Co-op boss defends rescue plan

The boss of the Co-operative has written to about two million members to reassure them over the mutual's future and defend a painful rescue of its banking arm.

Acknowledging investor fury over the "bail-in" of the Co-operative Bank - in which bondholders must help plug a £1.5 billion hole in its finances - new chief executive Euan Sutherland said the plan will avoid further damaging asset sales and is a better option than a taxpayer bailout.

Mr Sutherland emailed 1.9 million members at the weekend after a turbulent three months which has seen the collapse of its deal to buy more than 600 branches from Lloyds Banking Group, warnings from ratings agency Moody's over its health and a £1.5 billion capital shortfall.

The former B&Q boss said while the group is struggling through difficult times, it remains "fundamentally strong" and is now well-placed to tackle future challenges.

Mr Sutherland, who took over in May, said while some investors suggested the group should carry the full burden of the rescue, it also has responsibilities to its 7.5 million members.

He said: "The solution that we have come up with balances the long-term interests of our members and investors, giving all the opportunity to benefit from the potential future upturn in the bank's fortunes and the long-term sustainability of the group as a whole. These are clearly difficult times for us but I believe they are challenges that we are now well placed to meet. The Co-operative Group remains fundamentally strong and our ethical leadership, in retailing and the provision of financial services, remains a compelling force in the market place."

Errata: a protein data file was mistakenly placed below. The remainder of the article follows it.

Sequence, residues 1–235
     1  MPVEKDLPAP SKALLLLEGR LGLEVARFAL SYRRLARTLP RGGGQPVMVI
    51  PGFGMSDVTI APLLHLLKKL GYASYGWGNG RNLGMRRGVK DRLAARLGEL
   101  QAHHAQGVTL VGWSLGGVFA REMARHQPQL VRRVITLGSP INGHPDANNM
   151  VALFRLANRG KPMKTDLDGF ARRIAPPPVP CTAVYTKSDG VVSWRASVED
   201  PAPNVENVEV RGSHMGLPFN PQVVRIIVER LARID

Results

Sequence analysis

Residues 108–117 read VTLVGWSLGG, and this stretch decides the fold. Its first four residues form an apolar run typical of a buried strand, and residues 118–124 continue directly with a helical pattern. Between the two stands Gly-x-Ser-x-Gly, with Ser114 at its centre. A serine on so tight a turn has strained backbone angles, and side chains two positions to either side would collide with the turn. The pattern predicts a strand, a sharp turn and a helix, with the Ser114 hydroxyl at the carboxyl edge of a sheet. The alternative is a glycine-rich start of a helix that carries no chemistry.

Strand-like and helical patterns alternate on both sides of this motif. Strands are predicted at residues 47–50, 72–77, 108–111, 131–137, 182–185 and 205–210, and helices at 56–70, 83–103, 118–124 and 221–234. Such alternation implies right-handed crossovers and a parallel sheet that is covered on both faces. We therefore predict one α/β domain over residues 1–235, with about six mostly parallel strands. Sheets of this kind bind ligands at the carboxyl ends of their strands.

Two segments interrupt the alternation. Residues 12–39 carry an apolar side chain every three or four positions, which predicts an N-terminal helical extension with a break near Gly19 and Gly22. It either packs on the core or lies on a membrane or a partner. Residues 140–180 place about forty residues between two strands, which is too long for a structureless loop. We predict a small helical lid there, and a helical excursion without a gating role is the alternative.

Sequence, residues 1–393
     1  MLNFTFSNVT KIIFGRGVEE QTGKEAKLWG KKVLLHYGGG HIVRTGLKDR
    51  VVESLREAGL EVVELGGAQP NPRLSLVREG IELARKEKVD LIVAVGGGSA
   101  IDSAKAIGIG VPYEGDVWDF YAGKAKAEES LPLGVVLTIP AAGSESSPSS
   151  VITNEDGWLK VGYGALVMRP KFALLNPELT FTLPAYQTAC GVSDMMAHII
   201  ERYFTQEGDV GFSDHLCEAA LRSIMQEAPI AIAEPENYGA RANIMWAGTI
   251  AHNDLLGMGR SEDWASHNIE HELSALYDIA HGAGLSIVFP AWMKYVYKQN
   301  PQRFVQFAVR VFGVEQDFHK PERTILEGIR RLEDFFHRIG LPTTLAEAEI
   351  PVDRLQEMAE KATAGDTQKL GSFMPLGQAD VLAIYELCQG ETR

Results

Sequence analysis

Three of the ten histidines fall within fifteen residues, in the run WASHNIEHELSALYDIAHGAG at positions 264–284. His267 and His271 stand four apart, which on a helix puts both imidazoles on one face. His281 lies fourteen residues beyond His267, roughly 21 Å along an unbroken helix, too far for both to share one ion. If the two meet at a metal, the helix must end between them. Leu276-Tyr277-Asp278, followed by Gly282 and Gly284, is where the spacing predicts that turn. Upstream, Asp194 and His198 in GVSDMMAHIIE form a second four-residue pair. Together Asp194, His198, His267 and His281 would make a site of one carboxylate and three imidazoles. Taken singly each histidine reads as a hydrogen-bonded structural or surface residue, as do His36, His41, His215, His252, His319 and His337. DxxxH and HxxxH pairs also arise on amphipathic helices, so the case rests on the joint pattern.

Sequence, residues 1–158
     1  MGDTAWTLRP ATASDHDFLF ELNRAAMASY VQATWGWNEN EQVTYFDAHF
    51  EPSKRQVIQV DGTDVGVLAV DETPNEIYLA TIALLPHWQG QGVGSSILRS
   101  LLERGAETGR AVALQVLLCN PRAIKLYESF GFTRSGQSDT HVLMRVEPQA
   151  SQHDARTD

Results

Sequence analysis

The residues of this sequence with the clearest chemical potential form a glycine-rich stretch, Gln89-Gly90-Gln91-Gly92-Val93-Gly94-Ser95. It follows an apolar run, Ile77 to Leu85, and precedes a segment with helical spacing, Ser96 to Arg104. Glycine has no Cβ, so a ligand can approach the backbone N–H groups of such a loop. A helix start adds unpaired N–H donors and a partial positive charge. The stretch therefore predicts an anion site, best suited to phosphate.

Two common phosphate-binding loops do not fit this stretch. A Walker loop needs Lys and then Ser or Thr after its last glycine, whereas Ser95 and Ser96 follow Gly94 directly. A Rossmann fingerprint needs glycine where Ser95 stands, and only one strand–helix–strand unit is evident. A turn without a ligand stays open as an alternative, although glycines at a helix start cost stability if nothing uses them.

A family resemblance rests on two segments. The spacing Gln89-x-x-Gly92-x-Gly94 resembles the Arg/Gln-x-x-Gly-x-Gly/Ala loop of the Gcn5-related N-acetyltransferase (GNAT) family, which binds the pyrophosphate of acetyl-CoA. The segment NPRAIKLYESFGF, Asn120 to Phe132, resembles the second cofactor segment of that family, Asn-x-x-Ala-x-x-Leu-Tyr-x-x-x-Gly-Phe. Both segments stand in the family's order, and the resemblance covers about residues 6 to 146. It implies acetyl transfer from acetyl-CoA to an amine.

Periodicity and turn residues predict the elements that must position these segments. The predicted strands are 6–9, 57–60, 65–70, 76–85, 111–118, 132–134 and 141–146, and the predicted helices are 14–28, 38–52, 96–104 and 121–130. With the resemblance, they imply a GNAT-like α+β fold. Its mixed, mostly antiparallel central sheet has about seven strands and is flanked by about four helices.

Mr Sutherland insisted the bank will remain part of the member-owned group, while admitting its reputation has been damaged by the scandal. The Co-op recently appointed former Treasury mandarin Sir Christopher Kelly to head an independent investigation into what went wrong at its banking arm. He will report back at the mutual's annual meeting in May.

The black hole in the Co-op Bank's capital reserves largely stems from commercial property loans acquired through its disastrous acquisition of Britannia Building Society in 2009. Soured loans made by the Britannia were behind almost £470 million of bad debt write-downs in 2012, which sent the group plunging to a £673.7 million loss.

Concerns over the Co-op's finances came to a head in May after credit ratings agency Moody's downgraded the bank to junk status, just weeks after it pulled out of a deal to buy 631 branches from Lloyds.

The investor ''bail-in'' is due to happen in October, and will raise £500 million of capital from investors. It will see bondholders offered shares via an "exchange offer", resulting in a stock market listing for the group's banking arm. The group is also raising some of the funds by selling its insurance businesses.

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